He was listed among Time magazine’s 100 “most influential pioneers in the world” – for his success in organizing 1,000,000 free school meals a day in 12 countries ranging from regions like Africa and India all the way to Latin America and the Caribbean.
Magnus MacFarlane-Barrow’s enterprise is still head-quartered in a shed on the family fish-farm in Scotland. And he gives all the credit to “the thousands of volunteers who distribute the food and cook and serve it daily” (mainly maize/soya-porridge, supplemented with vitamins). The operation has next to no ‘over-heads’ – and 95% of monies received go directly towards sourcing the food.
Across Britain, he looks for just stg. £12.20 to cover the cost of a child’s meals for a year. Observes journalist Joanna Moorehead [The Tablet]: “For the price of perhaps three school meals for my daughter, one child just like her somewhere else in the world can be fed for three whole terms”.
Brought up Catholic, MacFarlane-Barrow took religion seriously. In 1983 when he heard of the pilgrimage shrine of Mary, mother of Jesus, in Medjugorje (Bosnia), he decided to go – “even if this is possibly true”. Once there, he had “an experience of God’s love that is real”.
He calls it a place where God can be gracious – “where God chooses to pour out his Grace on many people, and changes many hearts”. He now began making ever-longer trips to ferry supplies to war-victims in the Balkans.
A religion leading to action
I consider this man to be a good example of one person’s religious conviction actually making an impact on the living-conditions of others. We are sometimes told that religion is a private matter which leaves the world unchanged.
But here we meet one person who was to overcome greater challenges yet – all in the cause of bettering the circumstances of others. And everything resulted from an energy-of-spirit supplied by religious faith.
From the beginning, MacFarlane-Barrow has put his trust in the generosity of ordinary people. (I’m reminded of Cork’s “Ireland to Calais Solidarity” Group – the convoy of three articulated lorries, six vans, 60 volunteers and a medical team who recently journeyed to the camp in Calais and aided the refugees for five days).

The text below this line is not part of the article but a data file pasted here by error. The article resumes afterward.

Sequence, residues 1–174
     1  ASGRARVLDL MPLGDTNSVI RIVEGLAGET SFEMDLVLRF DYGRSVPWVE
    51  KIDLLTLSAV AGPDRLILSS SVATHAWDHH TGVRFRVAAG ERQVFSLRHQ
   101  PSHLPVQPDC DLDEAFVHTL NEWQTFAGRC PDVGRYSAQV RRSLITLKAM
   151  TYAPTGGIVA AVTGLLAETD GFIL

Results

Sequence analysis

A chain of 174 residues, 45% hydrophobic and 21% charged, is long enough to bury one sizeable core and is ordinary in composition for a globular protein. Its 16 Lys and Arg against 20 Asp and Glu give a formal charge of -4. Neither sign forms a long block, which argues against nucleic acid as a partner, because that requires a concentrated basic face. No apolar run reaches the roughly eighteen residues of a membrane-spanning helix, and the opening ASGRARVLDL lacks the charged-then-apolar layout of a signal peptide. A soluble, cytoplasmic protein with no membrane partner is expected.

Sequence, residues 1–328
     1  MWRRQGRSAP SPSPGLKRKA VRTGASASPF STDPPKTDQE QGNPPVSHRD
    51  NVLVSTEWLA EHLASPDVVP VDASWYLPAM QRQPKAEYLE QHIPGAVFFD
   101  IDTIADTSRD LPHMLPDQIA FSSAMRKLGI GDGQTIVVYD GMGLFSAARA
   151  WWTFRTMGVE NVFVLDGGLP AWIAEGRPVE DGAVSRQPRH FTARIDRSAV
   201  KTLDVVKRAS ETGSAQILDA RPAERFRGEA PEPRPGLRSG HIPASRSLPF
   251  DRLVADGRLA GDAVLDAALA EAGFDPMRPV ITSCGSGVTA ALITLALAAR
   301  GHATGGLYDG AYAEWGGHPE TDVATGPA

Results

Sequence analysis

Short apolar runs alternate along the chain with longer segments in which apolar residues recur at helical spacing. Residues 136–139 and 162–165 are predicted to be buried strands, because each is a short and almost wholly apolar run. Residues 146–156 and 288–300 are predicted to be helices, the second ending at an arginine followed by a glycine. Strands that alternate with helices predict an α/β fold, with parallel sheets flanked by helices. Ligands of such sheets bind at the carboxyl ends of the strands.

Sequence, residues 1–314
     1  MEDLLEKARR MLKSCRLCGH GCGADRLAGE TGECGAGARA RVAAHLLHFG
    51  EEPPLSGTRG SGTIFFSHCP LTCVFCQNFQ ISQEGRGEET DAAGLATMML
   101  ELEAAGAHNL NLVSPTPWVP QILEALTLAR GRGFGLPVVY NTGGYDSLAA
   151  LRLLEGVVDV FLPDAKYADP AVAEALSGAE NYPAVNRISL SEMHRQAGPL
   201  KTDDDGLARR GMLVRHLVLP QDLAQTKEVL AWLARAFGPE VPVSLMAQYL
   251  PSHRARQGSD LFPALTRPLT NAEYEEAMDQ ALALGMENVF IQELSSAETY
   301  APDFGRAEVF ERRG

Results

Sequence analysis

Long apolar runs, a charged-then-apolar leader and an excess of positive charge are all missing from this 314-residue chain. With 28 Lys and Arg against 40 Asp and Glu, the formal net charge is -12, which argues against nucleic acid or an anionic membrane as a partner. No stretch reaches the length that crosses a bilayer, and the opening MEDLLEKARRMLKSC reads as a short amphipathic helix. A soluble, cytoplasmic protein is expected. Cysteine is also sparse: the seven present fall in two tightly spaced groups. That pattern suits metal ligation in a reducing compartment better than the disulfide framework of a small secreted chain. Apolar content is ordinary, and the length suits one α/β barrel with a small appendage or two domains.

In 2002, hearing that famine had struck Malawi, our Scotsman went there. Meeting a 14-year-old boy from a large family whose mother was dying, he asked him what were his hopes. Edward replied, “I would like to have enough food to eat and I would like to be able to go to school one day”.
And the rest is history : MacFarlane-Barrow set about providing free school meals. Referring to the place of honour held by Mary in the Christian tradition, he called his project “Mary’s Meals”. (A Dublin office opened in 2014 – www.marysmeals.ie).
Worldwide, over 1,300 schools supply Mary’s Meals. Children’s concentration improves immediately – and enrolment increases! From the UK alone, the movement receives support from over 1,000 schools.
The maize-porridge “is making a huge difference”, declares one African child. “It makes me feel strong – and I am able to understand what my teachers are telling me”. [J.M.] From the lives of local children, we learn the meaning of a ‘hand-to-mouth existence’.
A child’s labour is needed for a profitable yield from the crops; but there is one less mouth to feed at home if the child is eating in school.
Some missionary and other schools take an extra step and cultivate a school garden – with the children benefiting from the produce. All this is an incentive for the further uptake of education.
“I am just one person who is part of this mission”, concedes Magnus MacFarlane-Barrow. “I think of it as lots of little acts of love – lots of us doing different things – and all together making something very beautiful”. (Mags Gargan Irish Catholic).
The hungry near one’s door-step
Of course, it is one thing to provide food for people who live in the so-called Third World – but it is quite another thing when the Third World begins arriving in Europe : in the shape of refugees. And with this same instinct to give here-and-now help to the hungry, young Europeans have been found stepping up to the mark in Croatia.
“It’s hard to enjoy yourself when something so bad is happening so close”, reflects one of two young German women who broke off their Croatian holiday to man a tea-and-coffee Help Point for the migrants in transit there (Daniel McLaughlin Irish Times).
In Switzerland, two young men made a collection – loaded a car and trailer with food, clothing, medicine – and headed for Croatia to offer soup and food from a portable stove and blender. Having just graduated as engineers, they were waiting for their first job. “We can help here”, they said. “It’s up to politicians to fix the rest”.